Friday, November 27, 2009

The 2012 Movie Was Hilarious!

Spoiler alert: This review will mention things that happen in the movie so, oh, who am I kidding? You can see the plot coming a mile away.

As comedies go, the movie 2012 was hilarious. I laughed out loud – mostly at how scientifically flawed it was. Essentially the movie was John Cusack and friends out-divining an earthquake in a limo, out-flying the city of Los Angeles as it fell into the Pacific Ocean, literally out-running a volcano when Yellowstone erupted, out-flying the ash cloud, outflying the destruction of Las Vegas, and finally out-sailing a tsunami that submerged the Himalayans. When the laws of physics broke, I broke out into laughter.

Now to the science: There was some – 95% wrong. They started in a deep mine where astronomers are actually trying to measure cosmic rays but the overactive Sun was heating up the core of the Earth. There was even a boiling well (that produced no steam BTW). This heating will eventually cause “crustal displacement,” and change the face of the Earth. After all, “this is the biggest solar season ever,” some unnamed scientist says in the movie. Good gag, but in reality we are experiencing the quietest solar season in the past 100 years.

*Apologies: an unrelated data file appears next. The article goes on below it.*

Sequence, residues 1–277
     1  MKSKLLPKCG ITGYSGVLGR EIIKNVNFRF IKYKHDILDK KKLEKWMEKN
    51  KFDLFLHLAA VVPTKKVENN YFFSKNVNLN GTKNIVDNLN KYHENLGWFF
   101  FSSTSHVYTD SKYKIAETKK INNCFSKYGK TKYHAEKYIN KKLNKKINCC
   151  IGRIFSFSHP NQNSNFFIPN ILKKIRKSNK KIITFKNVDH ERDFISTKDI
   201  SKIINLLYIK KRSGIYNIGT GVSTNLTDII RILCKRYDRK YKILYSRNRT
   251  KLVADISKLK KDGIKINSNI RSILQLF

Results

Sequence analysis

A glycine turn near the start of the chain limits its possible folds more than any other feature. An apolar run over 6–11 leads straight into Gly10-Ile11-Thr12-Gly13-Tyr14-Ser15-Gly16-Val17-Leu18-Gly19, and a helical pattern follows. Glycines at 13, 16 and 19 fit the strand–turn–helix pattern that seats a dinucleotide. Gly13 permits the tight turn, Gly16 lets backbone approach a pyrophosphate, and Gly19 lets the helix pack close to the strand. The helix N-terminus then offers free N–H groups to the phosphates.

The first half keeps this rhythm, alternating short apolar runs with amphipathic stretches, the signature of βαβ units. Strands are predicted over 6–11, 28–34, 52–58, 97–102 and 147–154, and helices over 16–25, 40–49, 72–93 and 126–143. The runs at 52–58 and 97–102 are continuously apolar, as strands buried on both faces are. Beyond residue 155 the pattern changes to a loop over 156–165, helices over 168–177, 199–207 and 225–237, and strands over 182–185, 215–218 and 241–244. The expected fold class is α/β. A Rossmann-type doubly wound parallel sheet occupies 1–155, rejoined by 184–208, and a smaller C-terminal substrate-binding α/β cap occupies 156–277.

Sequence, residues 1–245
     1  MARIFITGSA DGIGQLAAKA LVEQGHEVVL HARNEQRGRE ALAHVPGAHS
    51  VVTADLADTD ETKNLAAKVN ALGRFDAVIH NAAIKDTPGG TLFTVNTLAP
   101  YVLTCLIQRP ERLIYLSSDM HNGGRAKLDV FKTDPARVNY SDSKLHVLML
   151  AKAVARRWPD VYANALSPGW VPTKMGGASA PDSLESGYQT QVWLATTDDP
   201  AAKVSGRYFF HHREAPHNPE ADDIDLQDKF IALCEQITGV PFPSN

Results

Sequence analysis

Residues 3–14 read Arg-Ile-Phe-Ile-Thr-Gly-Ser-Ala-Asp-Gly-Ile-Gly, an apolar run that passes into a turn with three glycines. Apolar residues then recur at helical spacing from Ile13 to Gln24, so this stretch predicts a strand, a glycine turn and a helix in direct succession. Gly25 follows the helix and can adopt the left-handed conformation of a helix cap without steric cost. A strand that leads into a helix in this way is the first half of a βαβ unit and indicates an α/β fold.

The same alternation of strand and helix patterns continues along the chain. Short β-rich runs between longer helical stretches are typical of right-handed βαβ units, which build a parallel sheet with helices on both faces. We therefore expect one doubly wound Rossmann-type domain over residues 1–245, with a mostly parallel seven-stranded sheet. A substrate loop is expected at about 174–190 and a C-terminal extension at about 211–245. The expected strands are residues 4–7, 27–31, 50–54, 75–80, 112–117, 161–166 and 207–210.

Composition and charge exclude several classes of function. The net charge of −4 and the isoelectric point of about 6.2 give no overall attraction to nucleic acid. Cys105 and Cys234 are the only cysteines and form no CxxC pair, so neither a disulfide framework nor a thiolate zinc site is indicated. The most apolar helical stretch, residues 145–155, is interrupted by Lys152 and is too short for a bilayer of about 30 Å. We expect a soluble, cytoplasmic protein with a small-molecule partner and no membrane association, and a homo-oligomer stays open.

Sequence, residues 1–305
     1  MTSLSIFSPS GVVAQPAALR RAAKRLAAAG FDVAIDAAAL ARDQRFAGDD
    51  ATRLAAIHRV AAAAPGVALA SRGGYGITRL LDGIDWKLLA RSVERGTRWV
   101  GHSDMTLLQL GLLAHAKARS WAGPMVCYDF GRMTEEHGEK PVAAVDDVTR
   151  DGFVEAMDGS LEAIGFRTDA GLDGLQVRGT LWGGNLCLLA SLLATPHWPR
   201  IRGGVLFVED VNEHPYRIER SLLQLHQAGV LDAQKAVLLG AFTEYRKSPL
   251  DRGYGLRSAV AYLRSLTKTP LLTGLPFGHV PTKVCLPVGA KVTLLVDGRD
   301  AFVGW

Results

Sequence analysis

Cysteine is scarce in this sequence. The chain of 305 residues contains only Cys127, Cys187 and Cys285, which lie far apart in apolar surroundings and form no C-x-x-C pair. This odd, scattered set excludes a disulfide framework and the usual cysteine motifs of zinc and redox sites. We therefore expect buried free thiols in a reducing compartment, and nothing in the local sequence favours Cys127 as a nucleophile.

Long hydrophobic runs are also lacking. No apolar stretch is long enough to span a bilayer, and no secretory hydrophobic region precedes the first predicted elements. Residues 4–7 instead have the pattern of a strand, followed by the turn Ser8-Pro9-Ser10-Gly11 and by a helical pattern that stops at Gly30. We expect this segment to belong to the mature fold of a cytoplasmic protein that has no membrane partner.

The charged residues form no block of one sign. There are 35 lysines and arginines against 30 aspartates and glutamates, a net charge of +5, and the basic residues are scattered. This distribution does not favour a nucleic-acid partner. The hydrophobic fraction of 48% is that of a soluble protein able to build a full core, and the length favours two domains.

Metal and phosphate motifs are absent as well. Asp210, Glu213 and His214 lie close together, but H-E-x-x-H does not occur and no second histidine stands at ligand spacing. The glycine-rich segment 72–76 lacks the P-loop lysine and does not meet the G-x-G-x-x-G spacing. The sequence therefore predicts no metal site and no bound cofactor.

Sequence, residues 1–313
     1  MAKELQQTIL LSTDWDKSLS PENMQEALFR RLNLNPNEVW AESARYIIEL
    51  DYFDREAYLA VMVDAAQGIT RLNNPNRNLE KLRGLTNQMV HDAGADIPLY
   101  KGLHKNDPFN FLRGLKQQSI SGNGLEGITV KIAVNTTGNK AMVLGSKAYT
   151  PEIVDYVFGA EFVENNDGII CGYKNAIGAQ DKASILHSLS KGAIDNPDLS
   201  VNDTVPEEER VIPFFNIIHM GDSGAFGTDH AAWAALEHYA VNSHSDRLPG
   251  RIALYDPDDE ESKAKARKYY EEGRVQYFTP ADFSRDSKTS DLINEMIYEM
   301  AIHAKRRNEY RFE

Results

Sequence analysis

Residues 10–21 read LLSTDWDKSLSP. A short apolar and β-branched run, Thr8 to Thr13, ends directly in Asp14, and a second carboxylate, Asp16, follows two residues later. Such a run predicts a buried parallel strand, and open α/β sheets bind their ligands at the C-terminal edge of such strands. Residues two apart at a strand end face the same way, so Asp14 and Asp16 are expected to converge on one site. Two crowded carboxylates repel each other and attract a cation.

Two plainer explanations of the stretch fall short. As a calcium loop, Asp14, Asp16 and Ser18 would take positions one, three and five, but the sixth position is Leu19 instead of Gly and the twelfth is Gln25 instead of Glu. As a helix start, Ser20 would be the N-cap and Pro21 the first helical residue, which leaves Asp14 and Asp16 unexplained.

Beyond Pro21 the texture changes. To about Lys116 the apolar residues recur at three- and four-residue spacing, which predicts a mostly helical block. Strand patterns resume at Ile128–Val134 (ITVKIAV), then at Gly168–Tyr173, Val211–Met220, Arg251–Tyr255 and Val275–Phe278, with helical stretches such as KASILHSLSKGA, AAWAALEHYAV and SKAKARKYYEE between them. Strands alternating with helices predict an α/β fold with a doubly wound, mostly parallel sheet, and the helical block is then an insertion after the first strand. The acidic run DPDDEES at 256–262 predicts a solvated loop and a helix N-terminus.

There is brief mention to a rare planetary alignment which takes place every 640,000 years and a youtube video of the planets aligned with the galaxy. Conspiracy theorists love this but it is simply not true (see the post below). Later in the movie the magnetic field of the Earth decreased 80% in four hours. This type of decrease could happen but would take hundreds to thousands of years.

Some other funny science in the movie: the poles flip putting the South Pole in Wisconsin, Hawaii melts, and China moves 1,000 miles closer to the US in less than a day. Plus how they transported giraffes and rhinos to the ark in the mountains cracked me up!

Now to the Mayans and their prediction of doom on December 21, 2012: The movie barely mentions it in a quick 20 second scene. No details just, “The Mayans predicted the end of the world.” So no Mayans - no astronomy. Cool.

As someone a little edgy to answer the wave of 2012 hysteria that will build up over the next 3 years, the movie was surprisingly reassuring. It presented such a crazy, absurd, and impossible vision that it ceased being scary. It was almost as if it was happening to another planet or in another dimension. There is nothing to debunk because it was all so fantastical. And there is nothing to be scared of from 2012 – unless you’re afraid of laughing yourself to death.
You were warned.


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